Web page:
The first, is that I was incredulous about driving nearly 2 hours to a restaurant that one had to in turn spend two hours waiting in line outside to eat. Yes, my friends claimed, backed up by Alec Stevens, one of our teachers, that it was the best pizza in the world. And I didn't dislike pizza, but I also had no Ninja Turtle-esque devotion to it, so to me that was like saying "it's the best pancakes in the world". A pancake was pretty much a pancake, to my mind.
The second, is that I was entirely and absolutely wrong. Pepe's Pizza IS the best Pizza in the world. I've never tasted anything close again. In fact, I barely eat pizza now because it's always a little disappointment.
The third, is that on the ride over and in line waiting a large part of our conversation revolved around Dave Stevens. To the point we even referred to that afterwards as our "Dave Stevens Trip". Stevens is one of those select comicbook artists whose work was held on a sort of pedestal among our group. I have to admit I was indoctrinated to this, as I wasn't introduced to his comics until my time at Art school (I discovered a lot of comics and comicbook artists at that time). Actually, prior to attending Art School I tended to follow comicbook writers more than artists. After the fall of Marvel and the rise of Image, I'd transitioned to being a heavy reader of DC's Vertigo in the 90s. So it wasnt until Kubert that names like Stevens, Toth, or Hughes became important to me.
In the film, Cliff Seacord's girlfriend is Jenny Blake, portrayed by Jennifer Connelly
However, in The Rocketeer comicbooks Cliff's girlfriend was named "Betty"
Of course, I don't need to explain who that is nowadays. She's a pop culture icon of the twentieth century. You cant throw a stick in a collectibles shop without turning up Betty Page posters, trading cards, photo books, etc. In the late 80s and early 90s she inspired a fashion trend, and also helped to "mainstream" S&M culture through tributes in film. You could trace a direct line from her popularity surge right up to the fetishistic costume design of The Matrix.
Knowledge of Betty Page was akin to knowledge of Cthulhu in the 70s - known to a small select group of fans of old pulps and nostalgic trivia, which is what The Rocketeer was rooted in, a tribute to adventure serials of Hollywood's Golden Age.
Betty Page herself was a model in the early 50s for "photography groups" that were common at the time. She immediately gained notoriety for her audaciousness and flagrant rejection of the societal norms for women at the time. This was before the sexual revolution of the 60s, or the Women's Rights movement, when Donna Reed clones was the norm for portrayals of women. Lots has been written on this, but to sum up succinctly the standards of the era, it was a common unstated rule at the time in any sort of verging on erotic imagery that women would look away from the camera, ostensibly showing an embarrassed reaction to being "captured in a compromising situation". Betty Page, instead, stared defiantly directly at the camera, and this was actually shocking enough to be commented on extensively at the time.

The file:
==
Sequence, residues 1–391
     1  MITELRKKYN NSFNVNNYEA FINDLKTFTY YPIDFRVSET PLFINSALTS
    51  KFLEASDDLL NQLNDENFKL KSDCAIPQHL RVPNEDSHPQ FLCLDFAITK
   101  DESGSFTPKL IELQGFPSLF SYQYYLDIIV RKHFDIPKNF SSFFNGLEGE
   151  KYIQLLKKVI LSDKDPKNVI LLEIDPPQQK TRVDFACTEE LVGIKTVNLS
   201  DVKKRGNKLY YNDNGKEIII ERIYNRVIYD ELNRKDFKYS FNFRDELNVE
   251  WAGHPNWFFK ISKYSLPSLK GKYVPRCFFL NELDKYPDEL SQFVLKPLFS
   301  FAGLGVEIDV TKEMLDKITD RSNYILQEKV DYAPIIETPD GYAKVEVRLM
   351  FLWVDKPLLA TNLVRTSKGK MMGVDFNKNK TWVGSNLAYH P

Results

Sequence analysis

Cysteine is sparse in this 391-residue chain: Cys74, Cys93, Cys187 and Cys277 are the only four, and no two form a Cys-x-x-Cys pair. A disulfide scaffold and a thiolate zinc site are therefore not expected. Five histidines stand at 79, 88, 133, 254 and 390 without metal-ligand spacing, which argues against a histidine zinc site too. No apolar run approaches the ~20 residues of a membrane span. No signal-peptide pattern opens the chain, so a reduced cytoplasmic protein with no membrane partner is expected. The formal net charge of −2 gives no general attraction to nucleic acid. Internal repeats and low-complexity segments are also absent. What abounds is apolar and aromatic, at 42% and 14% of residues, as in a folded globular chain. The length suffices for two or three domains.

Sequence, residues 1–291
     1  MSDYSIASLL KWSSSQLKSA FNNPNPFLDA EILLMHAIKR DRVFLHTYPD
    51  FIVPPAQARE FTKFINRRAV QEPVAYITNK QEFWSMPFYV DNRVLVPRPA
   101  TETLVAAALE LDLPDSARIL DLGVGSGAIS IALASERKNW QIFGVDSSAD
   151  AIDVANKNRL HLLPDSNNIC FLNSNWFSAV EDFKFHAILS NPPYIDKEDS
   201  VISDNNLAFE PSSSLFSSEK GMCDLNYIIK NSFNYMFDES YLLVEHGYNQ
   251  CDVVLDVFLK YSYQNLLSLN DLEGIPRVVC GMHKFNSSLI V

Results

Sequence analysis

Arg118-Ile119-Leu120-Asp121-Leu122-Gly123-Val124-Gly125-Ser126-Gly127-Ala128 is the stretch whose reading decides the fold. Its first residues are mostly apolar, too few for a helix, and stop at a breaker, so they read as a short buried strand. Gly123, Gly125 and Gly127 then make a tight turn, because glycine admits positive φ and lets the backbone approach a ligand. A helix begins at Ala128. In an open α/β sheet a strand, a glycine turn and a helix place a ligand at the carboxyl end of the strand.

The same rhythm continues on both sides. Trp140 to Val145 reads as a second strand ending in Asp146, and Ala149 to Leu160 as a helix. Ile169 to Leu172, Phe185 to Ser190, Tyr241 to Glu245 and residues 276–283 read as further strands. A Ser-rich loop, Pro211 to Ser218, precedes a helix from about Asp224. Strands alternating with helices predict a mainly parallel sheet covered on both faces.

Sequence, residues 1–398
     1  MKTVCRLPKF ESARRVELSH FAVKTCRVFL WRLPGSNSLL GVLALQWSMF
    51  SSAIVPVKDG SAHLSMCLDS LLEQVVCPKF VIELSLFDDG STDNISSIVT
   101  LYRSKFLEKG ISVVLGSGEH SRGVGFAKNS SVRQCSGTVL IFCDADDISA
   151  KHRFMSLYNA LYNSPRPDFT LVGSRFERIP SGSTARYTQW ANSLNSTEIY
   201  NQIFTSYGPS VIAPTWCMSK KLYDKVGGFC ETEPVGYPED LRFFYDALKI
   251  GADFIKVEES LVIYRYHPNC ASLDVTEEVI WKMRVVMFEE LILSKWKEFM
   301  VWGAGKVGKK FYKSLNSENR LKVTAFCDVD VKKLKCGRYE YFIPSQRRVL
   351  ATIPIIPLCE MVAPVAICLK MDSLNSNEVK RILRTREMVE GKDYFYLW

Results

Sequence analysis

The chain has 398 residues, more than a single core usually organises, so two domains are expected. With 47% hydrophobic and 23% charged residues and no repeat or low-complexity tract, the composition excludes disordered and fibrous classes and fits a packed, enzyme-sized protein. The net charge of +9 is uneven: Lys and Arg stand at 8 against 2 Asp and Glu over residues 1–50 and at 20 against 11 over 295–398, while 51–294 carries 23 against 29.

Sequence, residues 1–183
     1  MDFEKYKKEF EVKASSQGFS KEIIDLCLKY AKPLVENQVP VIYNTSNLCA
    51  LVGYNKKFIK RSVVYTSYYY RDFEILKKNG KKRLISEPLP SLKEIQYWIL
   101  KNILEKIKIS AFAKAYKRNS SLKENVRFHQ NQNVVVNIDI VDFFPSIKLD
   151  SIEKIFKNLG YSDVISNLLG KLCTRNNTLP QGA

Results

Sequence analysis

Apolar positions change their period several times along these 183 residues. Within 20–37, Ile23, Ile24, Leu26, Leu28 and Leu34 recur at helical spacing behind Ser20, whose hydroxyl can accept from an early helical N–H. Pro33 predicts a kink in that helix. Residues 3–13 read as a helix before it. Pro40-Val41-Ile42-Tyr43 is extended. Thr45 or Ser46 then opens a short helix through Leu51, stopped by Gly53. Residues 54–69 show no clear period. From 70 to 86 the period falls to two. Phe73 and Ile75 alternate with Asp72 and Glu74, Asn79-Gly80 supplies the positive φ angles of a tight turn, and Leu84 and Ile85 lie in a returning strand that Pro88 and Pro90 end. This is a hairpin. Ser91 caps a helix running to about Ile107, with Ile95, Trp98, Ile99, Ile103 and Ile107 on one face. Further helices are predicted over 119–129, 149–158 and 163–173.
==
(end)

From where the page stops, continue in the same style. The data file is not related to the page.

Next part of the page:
Some speculated she married a rich foreigner, other rumours confused her with the Black Dahlia and thought she was the victim of a gruesome murder. Though we know the truth now, at the time it was an enduring mystery. But as the 60s and 70s pressed on the world largely forgot her.
But as this was discovered and slowly spread, interest in Page began to grow again. A fanzine called The Betty Pages started republishing rare old photo sets and speculating on the mystery. By the end of the decade, Betty Page was bigger than she was in the 50s, and hit the mainstream with her iconic hairstyle re-entering the world of fashion. I doubt many knew this started with The Rocketeer. The comics themselves wouldn't even become commonly known about until the Disney film.
But it was this resurgence that caused Betty Page to finally come out of hiding. She'd become a born again Christian and gave up her modelling career, and later, spend time in a psychiatric institution. By the time she'd become a pop culture phenomenon, she was practically penniless. In fact, her reason for revealing herself again to the world (I say that very tongue in cheek, as in interviews she refused to be photographed or shown on camera) was to attempt to gain royalties for the money being made off of her image.
Stevens, to his credit, was the first. The moment it was revealed that Page was alive and well, with no prompting, he began sending her royalty checks. These alone kept Page from the street when an unscrupulous rights firm she'd signed up with defrauded her. Sometime during this time, Stevens and Page met and became friends. Page eventually signed up with another Estate house, and to this day her inheritance is a 10 million dollar a year industry.
But why did Betty become Jenny? Especially as this hit at a time when interest in Page had hit an all-time high? Well, because Disney wasn't comfortable with the implied connection to a fetish star as the female lead in the film, basically. Though truth be told, I personally am not a Betty Page "fan". I find the story interesting, but as a "sex symbol", she's not my type. And make no mistake, I have no complaints about Jennifer Connelly in the role. I've no complaints about her being in ANY film. I want MORE Connelly.